B2) Perhaps, if there is a rootkit on your computer, a simple re-partitioning and format of the harddisk in Linux may erase everything. You can get LiveCD’s in case you’re not familiar with the linux console, and such a tool could be QTParted or GParted. I’m not sure how well Norton Partition Magic would work in this case.

      B3) Do one of those Government Clearing of your harddisk where the data is wiped +5 times. (Depending on the method you choose, one of them will erase the data more than 30 times on your harddisk. It’s a quite cool tool but I forgot the name unfortunately.)

      C) Your father may have installed a rootkit in the BIOS, if so you need to replace the BIOS chip if possible. Otherwise buy a new motherboard or get a new computer. (Since it’s a laptop, there isn’t very much you can replace.)

      Anyway, when you’ve done that and installed an Operating System do a FULL DISC ENCRYPTION!

      Install TrueCrypt, and do a full disc encryption and set a good, long password with mixed upper and lower-case letters, numbers and symbols.

      When you’ve done that set a password in the BIOS and make sure it is not possible to boot up on anything besides the harddisk. (Set the harddisk to be the first device in the boot order.)

      Then you could set a password for booting up the computer as well.

      There is however a reset jumper on most computers nowadays, which is able to reset the BIOS password. If you want to disable that functionality you need to do some hardware modifications to the motherboard in your laptop which I cannot recommend.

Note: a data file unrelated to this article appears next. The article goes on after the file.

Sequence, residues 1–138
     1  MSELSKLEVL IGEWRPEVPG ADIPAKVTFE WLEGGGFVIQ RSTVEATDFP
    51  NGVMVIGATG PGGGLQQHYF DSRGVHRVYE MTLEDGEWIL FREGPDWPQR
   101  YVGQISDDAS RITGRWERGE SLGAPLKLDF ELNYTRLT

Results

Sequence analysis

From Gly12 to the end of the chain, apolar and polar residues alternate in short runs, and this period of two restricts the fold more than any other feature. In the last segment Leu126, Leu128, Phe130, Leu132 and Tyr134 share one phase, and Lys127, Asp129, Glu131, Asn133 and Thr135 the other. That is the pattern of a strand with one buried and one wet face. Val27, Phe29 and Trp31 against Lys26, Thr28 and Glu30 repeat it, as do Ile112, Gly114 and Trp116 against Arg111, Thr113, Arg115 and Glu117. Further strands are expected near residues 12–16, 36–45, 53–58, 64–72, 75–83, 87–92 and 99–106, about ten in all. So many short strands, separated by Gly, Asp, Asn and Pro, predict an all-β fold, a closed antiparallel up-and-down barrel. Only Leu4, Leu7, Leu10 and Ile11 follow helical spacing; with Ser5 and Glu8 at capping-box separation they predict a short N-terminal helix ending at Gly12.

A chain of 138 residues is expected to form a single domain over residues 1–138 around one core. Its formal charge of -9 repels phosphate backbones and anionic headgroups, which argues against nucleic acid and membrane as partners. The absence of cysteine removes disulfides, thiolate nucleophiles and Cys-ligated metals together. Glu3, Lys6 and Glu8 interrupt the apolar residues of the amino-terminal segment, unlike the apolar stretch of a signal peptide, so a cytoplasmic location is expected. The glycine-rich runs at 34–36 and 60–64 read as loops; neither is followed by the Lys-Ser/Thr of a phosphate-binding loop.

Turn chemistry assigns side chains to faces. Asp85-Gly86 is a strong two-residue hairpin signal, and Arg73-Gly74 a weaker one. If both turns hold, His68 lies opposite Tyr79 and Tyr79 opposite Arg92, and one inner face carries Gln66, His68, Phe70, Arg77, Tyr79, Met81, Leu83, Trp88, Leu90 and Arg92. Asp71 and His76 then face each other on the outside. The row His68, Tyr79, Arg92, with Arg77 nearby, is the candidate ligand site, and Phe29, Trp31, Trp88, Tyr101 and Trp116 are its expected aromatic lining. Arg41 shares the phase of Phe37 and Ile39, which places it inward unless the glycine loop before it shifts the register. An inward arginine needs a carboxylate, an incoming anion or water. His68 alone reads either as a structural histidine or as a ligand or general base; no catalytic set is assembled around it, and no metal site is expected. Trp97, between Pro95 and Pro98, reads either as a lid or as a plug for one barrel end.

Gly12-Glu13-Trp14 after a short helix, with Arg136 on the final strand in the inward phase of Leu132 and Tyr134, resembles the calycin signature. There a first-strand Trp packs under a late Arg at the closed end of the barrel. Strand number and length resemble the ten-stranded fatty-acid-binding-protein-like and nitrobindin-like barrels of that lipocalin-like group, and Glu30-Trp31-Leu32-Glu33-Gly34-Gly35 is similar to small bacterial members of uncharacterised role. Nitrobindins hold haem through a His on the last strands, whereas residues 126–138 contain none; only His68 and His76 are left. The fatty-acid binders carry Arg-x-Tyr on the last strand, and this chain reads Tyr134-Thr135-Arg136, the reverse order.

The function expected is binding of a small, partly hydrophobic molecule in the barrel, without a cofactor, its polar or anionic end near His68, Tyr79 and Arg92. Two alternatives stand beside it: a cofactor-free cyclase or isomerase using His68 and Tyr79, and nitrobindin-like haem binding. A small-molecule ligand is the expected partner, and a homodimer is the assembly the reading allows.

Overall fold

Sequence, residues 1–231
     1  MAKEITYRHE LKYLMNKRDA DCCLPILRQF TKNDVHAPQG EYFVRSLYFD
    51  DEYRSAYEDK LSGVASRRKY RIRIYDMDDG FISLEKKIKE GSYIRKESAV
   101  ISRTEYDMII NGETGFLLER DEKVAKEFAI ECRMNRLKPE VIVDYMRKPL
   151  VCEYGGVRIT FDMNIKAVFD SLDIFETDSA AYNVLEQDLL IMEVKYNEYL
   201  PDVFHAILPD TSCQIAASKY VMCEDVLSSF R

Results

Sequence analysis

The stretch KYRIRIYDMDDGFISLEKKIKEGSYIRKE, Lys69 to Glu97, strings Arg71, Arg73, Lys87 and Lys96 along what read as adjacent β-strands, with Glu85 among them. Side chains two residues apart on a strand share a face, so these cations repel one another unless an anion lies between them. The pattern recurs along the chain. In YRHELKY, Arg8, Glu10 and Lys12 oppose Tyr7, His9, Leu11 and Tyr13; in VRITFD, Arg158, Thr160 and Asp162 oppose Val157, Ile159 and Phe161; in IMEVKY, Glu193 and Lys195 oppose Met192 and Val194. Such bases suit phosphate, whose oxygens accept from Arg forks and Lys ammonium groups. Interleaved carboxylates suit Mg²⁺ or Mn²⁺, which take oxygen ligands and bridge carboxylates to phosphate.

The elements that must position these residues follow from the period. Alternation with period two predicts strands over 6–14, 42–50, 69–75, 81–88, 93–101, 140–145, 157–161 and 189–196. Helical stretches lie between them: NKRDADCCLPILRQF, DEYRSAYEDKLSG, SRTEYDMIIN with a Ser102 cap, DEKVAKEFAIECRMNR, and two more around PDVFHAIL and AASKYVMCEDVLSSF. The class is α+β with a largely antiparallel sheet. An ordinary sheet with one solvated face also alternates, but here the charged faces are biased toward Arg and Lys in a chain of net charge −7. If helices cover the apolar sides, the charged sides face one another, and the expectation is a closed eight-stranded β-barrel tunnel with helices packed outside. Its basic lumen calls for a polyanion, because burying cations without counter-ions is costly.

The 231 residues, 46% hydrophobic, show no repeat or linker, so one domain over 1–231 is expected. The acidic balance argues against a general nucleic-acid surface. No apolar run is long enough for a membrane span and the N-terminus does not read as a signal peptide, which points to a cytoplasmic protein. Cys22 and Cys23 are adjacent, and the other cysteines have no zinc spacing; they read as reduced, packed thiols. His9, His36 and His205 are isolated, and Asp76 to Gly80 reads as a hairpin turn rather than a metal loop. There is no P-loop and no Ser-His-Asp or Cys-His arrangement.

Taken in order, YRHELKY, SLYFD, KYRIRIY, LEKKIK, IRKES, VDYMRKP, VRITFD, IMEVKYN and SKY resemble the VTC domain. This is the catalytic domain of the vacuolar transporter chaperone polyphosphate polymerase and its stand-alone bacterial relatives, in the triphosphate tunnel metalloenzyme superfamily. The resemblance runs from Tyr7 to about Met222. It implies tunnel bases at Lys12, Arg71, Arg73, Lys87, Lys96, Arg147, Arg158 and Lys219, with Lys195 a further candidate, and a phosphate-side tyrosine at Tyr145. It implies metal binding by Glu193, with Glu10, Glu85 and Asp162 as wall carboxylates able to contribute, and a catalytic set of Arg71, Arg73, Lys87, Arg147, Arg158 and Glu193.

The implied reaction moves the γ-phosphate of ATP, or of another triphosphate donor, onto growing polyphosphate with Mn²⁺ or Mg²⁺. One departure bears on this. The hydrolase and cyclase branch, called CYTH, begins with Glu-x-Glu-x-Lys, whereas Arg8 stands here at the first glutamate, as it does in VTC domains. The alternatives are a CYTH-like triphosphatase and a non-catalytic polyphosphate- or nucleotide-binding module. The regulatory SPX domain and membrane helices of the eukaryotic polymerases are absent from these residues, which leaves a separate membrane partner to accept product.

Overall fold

But if you follow most of what I wrote above, you’ll be fine.

      When you’ve installed your operating system and a firewall and an anti-viral system, don’t visit websites your father suggests you  ;D (He may be a rogue hacker too.)

      Avoid using instant messaging programs except IRC.

      Use HTTPS (ssl) whenever it is possible and encrypted protocols as well.

      Now we’re on the paranoid path, but depending on how well you want to hide everything from your father and anyone else, you’re getting pretty close.

      If you just want to confirm whether he’s spying on you or not, do the following:
      1. Set up a LAN where NAT is enabled. (A simple network with local ip-addresses, a router and another computer.)
      2. Set up the second computer to log all communication from your computer to the Internet.
      3. Don’t use the laptop for anything but browse to a few websites you visit and then check the second computer if there’s traffic that shouldn’t be there.

      This is NOT something that’s easy, but it’s fun  😀

      Good luck and have fun  😉

      PS: This reply was quite “brief” in how to do the above suggestions and these do not reflect my entire view on the possibilities on confirming whether your father has hacked your computer or not nor does it confirm how many ways there is to lock your computer down entirely. (In short, there’s more to it than what I just said.)

    • #35699

      The laptop caught a trojan last year that required completely wiping the disk – my dad spent the summer reprogramming and reinstalling everything. So, yes, he had physical access to it.
      And the MS RAS is enabled because that’s what he uses to debug computers or fix technical issues when he’s not around.

    • #35700

      @MaXe wrote:

      B3) Do one of those Government Clearing of your harddisk where the data is wiped +5 times. (Depending on the method you choose, one of them will erase the data more than 30 times on your harddisk. It’s a quite cool tool but I forgot the name unfortunately.)

      Windows – SDelete, Eraser
      Unix based OS – shred command should do

    • #35701

      This would be a very interesting movie ;D

    • #35702

      I have to agree with some of what the others said.

      1) download Ubuntu work from that for a while. See if your dad still knows things you don’t think he should.